Affiliate Disclosure: Handy Tool Adviser is reader-supported. When you buy through links on our site, we may earn an affiliate commission at no cost to you. Read more about our affiliate association here.
Tap and die sets are widely used by machinists, automotive technicians and workshop owners to apply a quick fix to fastened joints whose threads have worn out. They save time; require no sophisticated machine; are easy to use and get the job done satisfactorily. While only one tap or die will fit a particular job, the best tap and die set is the one that allows you to have a solution at hand for the jobs you come across frequently.
In today’s post, we have reviewed popular sets of taps and dies to find the best combination of variety, reliability and ergonomics for different applications.
After the rankings, we’ve also explained:
So without further due, let’s begin.
Gearwrench 75 Piece Tap and Die Set Model 3887 – Overall Best
IRWIN 117 Piece Tap and Die Set with Drill Bits Model 26377 – Best for machinists and mechanics
Gearwrench 114 Piece Tap and Die Set Model 82812 – Most versatile
Efficere 40 Piece Tap and Die Set – Best tap and die set for the money
This Gearwrench tap and die set includes 34 taps and 34 dies half of which have SAE threads and the other half have Metric threads increasing its versatility of utilization across different threading standards any mechanic or home workshop owner may come across.
The size range is also wide that starts from 4-40 (SAE) and M3 (3 mm Metric) and goes up to an impressive 3/4” and M18 (18 mm Metric) bolts and screws. It makes sure you have a solution at hand for light fasteners all the way up to heavy duty bolts and screws.
The set is also a mix of fine and coarse threads along with some pipe threads as well to allow its use in average to high strength bolted joints as well as plumping.
All pieces come packaged in a sturdy and very well organized storage case with proper size markings to ensure your pieces don’t get lost or misplaced. There are some complaints of it getting broken during use, however, its lifetime warranty reduces worries as you can get broken pieces replaced by contacting Gearwrench dealers.
Whether you are trying to thread a brake pedal arm in your old pickup truck, threading a brake caliper pin in your car at your home garage or looking for a kit that fulfills the need of your CNC machine shop, this tap and die set is a great. It will thread worn out holes on your aluminum engine block in your engine rebuild project or tap a steel cradle frame as a mechanic. Its versatility will include people from those working on RC cars to collision technicians.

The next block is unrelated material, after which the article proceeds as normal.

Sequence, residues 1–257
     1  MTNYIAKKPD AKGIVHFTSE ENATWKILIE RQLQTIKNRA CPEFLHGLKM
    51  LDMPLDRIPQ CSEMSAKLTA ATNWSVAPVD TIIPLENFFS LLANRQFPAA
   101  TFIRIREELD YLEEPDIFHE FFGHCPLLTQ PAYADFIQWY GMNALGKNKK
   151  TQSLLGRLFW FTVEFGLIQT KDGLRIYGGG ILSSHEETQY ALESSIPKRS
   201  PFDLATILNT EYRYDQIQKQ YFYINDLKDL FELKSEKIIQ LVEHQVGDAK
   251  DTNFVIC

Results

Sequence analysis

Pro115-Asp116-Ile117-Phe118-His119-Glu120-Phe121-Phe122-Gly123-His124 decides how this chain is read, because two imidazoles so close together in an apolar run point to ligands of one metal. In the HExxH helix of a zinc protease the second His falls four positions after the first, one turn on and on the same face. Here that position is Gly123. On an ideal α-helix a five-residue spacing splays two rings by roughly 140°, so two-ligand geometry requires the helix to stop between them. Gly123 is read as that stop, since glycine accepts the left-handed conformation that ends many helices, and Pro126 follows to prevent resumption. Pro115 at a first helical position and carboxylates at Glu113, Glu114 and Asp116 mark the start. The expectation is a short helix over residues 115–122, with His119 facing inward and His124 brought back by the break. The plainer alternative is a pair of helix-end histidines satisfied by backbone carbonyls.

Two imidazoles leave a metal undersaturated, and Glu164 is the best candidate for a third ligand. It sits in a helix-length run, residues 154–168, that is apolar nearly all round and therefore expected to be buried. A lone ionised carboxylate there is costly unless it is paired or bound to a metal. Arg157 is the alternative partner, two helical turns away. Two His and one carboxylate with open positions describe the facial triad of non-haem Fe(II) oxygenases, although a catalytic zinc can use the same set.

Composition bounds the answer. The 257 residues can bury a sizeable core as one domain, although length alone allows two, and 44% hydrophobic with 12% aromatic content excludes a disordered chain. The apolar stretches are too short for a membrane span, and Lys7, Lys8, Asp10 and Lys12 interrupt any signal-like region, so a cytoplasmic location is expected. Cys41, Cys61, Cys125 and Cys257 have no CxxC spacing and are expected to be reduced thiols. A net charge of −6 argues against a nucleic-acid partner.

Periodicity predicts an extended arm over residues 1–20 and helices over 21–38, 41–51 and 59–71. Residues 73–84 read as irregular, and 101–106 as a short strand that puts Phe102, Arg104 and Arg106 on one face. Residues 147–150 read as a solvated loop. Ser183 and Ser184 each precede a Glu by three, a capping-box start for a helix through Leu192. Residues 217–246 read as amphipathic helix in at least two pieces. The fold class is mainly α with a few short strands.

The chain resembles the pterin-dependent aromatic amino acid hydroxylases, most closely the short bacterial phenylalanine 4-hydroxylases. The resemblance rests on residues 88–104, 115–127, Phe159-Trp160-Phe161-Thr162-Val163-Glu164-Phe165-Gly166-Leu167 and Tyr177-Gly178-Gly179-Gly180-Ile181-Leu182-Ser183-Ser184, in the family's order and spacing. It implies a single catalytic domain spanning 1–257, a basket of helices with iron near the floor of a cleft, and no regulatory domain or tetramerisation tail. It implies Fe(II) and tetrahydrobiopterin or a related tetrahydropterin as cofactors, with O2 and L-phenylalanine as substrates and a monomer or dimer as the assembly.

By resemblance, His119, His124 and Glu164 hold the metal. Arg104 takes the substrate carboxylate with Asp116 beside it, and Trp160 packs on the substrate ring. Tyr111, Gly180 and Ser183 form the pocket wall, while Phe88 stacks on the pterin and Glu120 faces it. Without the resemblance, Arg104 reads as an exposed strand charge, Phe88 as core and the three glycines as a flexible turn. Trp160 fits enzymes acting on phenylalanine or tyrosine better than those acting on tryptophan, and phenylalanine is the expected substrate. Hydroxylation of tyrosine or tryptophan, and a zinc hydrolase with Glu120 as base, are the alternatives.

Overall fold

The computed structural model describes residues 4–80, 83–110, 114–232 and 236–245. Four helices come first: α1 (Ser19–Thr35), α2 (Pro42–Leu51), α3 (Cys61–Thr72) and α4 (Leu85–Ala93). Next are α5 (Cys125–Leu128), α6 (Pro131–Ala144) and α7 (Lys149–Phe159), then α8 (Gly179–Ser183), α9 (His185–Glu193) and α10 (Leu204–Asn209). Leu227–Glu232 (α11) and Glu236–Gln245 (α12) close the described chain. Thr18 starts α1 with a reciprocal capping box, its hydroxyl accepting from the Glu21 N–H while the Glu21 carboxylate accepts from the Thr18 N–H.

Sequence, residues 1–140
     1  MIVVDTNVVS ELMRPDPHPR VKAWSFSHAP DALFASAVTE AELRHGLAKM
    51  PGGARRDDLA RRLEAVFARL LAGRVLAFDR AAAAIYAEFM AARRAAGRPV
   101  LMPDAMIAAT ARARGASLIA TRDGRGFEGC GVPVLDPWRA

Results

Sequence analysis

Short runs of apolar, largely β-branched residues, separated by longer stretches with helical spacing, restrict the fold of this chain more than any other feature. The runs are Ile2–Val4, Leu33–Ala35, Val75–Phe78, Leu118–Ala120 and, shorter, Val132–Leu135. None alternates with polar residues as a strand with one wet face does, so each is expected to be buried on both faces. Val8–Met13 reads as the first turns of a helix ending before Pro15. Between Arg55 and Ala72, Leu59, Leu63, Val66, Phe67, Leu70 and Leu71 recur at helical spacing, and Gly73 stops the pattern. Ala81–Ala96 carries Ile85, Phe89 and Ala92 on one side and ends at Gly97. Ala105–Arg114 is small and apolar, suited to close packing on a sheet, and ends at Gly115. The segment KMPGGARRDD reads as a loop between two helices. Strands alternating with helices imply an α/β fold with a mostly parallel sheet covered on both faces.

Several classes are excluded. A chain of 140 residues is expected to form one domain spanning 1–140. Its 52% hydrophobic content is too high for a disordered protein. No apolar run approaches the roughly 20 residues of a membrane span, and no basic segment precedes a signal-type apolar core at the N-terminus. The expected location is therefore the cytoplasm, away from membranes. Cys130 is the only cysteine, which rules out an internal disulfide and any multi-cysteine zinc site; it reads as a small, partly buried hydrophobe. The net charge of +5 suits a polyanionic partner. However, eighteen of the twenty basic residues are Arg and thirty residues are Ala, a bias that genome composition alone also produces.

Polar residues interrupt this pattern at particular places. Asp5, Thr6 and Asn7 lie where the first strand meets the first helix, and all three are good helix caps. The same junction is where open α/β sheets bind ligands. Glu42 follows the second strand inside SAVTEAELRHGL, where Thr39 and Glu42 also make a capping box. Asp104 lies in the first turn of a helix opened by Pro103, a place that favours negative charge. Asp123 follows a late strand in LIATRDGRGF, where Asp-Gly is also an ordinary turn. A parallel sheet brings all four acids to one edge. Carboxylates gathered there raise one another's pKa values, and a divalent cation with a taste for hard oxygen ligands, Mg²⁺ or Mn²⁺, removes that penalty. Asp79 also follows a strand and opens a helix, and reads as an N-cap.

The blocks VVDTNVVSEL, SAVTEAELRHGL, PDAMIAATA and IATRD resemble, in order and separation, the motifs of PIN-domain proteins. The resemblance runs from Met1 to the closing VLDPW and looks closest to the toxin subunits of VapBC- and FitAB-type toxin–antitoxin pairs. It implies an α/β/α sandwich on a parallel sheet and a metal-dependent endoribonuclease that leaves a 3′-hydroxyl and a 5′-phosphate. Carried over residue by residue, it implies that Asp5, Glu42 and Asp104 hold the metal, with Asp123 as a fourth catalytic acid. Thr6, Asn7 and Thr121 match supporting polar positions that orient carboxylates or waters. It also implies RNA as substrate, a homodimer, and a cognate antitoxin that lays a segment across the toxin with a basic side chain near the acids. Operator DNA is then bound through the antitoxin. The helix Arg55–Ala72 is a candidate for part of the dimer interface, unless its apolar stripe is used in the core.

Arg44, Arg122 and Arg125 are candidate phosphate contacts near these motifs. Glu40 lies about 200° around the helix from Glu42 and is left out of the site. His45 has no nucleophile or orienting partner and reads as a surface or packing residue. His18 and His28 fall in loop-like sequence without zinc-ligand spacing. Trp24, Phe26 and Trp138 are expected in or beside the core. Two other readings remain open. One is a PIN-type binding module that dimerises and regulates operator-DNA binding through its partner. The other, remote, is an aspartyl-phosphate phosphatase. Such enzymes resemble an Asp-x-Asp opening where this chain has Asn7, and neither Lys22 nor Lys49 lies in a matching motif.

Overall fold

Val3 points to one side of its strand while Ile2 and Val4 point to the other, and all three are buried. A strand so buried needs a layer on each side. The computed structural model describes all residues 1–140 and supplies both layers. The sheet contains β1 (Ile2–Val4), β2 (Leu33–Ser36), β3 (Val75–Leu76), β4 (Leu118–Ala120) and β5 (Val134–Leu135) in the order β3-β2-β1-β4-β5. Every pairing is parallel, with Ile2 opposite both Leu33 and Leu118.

We found it to be the best tap and die set in competition due to its great combination of versatility with respect to the range of applications and sizes it can serve; its good quality construction and great manufacturer support in the form of lifetime warranty.
This Irwin tap and die set comprises 6 sets of machine screw taps and dies; 10 sets of SAE thread taps and dies; and 16 sets of metric thread taps and dies making it suitable for a wide variety of mechanical and automotive applications as well as use in machining and fabrication workshops.
It has a high carbon steel construction that imparts hardness and durability to its taps and dies making them reliable for use over hard materials.
The size range is also wide starting from 4-40 (SAE) and M3 (metric) going up to 1/2-20 NF and M12 (metric) bolt size. While it is not wide enough as our first pick that goes up to M18, however, it still caters for a large number of applications you routinely come across.
Just like our top pick, this set also features a mix of coarse, fine and pipe threads making it quite versatile. To improve its versatility even more, Irwin has included 36 drill bits and 5 screw extractors inside the storage box as bonus.
Apart from above, it is also a great choice for home garage work, professional tradesmen work and the kit has got covered majority of bolts used in motorcycles and trucks.
Backed by a lifetime warranty by Irwin, we found it to be the best tap and die set for machinists and mechanics due to its strong and durable construction; variety of taps and dies included (especially machine screw) and bonus drill bit and screw extractor set, all packaged in a neat and well organized sturdy storage case.
The Efficeren tap and die set comprises 17 taps and 17 dies of metric threads ranging from 3mm to 12 mm with both coarse and fine thread pitches. The set is well equipped to handle everyday tasks encountered by home workshop owners, DIYers and other non-professional users.
The taps and dies are tough enough to cut threads into materials up to mild steel without any problem. If you are working with lighter metals, you don’t need a premium tap and die set with the surplus strength to cut steel as this is the best tap and die set for aluminum, bronze and copper.